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Letters & Op-Eds - 2004
Agency Deserves US Money and Health
Nazir Khaja, Nancy Kipnis and Frances Kissling
30 January 2004
We -- a Muslim, a Jew and a Christian -- sometimes see things differently, but not when it comes to saving women's lives and expanding their rights and choices. As Americans, we have new evidence from China that could help the United States do just that.
We hope that President Bush will consider the fresh facts that we and six other religious leaders and ethicists have presented about the work of the United Nations in China. If so, he would approve $34 million to support its work to ensure reproductive health for women and men worldwide. The decision is his alone.
Congress has just approved these funds for the United Nations Population Fund, included in the Foreign Operations Bill for 2004. All Bush has to do is sign off on it. This year -- unlike last year, when he could withhold funds for UNFPA without making any public statement -- Bush must inform America of his decision. To deny U.S. funding yet again, Bush must declare that he believes that UNFPA supports coercion in family planning in China. The basis of his decision should depend on solid evidence, not political expediency.
We can prove that all the programs in China with which UNFPA is currently working are committed to avoiding any practice of forced abortions or involuntary sterilizations. We were part of a group of nine religious leaders and ethicists representing Muslim, Jewish, Catholic and Protestant faiths, who went to China in September 2003.
We visited six counties and conducted extensive interviews with national and local family-planning officials. We talked with hundreds of Chinese women and men in towns and villages. The report of our findings explains that UNFPA is, in fact, a catalyst for change and promotes voluntary, high-quality reproductive healthcare in China. The administration has our report, as does every member of Congress.
It reinforces previous fact-finding missions from the British government and the State Department that found no evidence to substantiate a claim by the Population Research Institute that UNFPA supports coercion in China.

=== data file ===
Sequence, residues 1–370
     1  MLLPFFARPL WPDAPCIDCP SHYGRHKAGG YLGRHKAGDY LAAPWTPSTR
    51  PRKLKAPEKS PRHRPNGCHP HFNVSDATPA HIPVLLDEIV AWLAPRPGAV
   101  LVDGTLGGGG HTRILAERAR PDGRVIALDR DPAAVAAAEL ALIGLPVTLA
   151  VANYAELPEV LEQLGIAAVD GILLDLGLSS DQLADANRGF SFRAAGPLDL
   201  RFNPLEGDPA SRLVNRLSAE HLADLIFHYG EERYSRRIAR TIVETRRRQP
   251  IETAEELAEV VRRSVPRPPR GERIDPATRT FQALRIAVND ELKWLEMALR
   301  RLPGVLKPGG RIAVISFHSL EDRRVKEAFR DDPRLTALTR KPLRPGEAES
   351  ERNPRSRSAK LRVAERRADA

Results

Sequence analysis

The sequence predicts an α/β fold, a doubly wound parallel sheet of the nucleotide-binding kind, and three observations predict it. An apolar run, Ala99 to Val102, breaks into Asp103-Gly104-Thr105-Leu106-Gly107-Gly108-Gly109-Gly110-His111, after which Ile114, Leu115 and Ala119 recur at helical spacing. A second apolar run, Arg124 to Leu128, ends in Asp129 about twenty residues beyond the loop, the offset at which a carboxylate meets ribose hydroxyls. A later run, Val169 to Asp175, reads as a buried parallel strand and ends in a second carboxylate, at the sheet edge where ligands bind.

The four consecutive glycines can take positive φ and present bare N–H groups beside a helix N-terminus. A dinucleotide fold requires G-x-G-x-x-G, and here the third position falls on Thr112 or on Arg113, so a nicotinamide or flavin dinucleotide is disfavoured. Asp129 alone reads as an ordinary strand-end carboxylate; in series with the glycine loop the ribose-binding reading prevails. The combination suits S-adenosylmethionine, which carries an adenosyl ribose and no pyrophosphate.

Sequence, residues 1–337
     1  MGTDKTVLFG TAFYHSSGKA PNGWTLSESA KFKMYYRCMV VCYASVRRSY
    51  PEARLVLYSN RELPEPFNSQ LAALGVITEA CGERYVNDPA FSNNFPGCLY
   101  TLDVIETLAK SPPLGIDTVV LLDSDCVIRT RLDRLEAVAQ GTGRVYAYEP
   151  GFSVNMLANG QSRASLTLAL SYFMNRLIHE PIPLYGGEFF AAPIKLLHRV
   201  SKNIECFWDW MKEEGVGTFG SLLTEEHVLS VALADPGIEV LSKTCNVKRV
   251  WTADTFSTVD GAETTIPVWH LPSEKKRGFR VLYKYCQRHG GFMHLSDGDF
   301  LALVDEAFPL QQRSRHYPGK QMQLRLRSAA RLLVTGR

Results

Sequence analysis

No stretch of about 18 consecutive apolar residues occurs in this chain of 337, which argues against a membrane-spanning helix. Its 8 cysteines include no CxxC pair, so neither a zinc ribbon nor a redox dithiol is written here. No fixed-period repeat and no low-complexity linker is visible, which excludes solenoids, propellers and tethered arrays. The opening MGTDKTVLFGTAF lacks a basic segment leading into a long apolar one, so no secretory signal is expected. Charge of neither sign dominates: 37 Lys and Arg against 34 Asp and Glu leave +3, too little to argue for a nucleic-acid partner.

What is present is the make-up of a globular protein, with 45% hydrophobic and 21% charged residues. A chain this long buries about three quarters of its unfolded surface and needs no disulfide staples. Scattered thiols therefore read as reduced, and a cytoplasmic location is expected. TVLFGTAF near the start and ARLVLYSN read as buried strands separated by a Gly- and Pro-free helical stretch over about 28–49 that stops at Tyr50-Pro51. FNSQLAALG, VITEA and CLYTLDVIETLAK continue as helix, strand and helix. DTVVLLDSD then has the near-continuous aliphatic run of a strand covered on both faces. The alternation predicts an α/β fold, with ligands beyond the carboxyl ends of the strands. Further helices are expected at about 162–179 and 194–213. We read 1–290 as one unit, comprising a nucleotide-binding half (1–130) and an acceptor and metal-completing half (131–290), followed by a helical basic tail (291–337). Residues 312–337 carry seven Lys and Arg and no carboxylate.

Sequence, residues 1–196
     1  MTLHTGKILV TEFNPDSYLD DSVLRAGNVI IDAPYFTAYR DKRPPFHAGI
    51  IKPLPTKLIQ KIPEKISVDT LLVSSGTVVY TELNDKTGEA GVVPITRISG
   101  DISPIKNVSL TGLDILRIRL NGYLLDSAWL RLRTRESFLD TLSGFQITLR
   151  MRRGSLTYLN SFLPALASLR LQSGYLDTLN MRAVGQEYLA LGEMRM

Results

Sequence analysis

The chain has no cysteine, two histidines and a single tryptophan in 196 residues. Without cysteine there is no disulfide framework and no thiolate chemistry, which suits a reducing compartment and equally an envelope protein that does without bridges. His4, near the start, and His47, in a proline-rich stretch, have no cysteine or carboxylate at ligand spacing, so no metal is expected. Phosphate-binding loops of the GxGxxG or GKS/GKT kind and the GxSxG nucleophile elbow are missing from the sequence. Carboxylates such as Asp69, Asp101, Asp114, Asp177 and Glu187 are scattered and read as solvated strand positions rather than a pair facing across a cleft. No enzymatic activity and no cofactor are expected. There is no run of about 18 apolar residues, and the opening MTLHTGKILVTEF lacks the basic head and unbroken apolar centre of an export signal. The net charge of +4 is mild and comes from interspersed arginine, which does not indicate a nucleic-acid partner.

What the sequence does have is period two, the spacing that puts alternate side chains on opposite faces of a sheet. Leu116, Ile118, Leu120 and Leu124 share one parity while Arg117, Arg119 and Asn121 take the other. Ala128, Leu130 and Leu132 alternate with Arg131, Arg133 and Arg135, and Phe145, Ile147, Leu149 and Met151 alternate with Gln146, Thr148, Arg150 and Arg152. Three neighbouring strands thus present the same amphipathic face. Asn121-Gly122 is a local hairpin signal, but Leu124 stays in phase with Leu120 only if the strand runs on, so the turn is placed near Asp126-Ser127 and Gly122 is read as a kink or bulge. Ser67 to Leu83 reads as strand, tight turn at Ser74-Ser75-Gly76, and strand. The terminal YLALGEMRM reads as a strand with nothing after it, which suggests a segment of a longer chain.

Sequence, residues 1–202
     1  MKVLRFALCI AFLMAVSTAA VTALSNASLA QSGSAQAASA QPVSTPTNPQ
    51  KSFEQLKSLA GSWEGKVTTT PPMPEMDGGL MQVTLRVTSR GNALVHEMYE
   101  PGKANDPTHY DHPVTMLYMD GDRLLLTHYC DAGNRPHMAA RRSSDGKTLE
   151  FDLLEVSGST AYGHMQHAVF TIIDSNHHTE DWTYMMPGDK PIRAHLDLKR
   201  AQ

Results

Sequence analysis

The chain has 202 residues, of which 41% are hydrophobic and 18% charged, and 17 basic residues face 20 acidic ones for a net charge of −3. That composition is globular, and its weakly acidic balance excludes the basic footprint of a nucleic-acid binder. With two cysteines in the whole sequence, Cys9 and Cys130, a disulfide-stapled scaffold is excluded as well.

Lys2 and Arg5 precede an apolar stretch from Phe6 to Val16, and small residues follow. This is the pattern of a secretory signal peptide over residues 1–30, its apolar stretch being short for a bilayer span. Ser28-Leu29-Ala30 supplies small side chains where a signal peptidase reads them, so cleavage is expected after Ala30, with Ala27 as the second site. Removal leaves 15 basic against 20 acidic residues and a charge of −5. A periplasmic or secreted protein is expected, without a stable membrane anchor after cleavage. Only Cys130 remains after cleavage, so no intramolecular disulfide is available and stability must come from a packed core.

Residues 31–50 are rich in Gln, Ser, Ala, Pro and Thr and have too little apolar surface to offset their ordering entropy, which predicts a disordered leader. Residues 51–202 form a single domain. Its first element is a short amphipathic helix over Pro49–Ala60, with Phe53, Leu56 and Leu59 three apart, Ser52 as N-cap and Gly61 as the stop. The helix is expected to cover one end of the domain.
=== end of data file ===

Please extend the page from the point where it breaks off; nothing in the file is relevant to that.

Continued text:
There is no coercion
Will our new evidence make a difference to the Bush administration? Will Bush give us as much attention as he does his political advisors who tell him that American voters do not care about poor women dying in Asia, Africa and Latin America? For these political advisors, it is more important to score points with his right-wing base than to support voluntary family planning worldwide?
The nine of us are not alone in believing that UNFPA is a force for good in China as well as in the 150 other countries where it works. More than 170 diverse religious leaders, both American and international, have sent a letter to Bush urging him to fully fund UNFPA. Another 120 U.S. Catholic leaders sent a similar letter, as did a group of Methodist women bishops.
We are firm in our faith in the facts: UNFPA does not support coercion and has been, and remains, a major force and a vital catalyst in achieving China's transition to a fully voluntary, noncoercive family-planning program.
We trust that Bush has the capacity to be fair and take our experiences in China into consideration. He has the facts. Now he must act. U.S. funding for UNFPA should be restored.
Nazir Khaja, MD, is president of Islamic Information Services in Los Angeles.
Nancy Kipnis, JD, is national vice president of the National Council of Jewish Women in Miami.
Frances Kissling is president of Catholics for a Free Choice in Washington, D.C.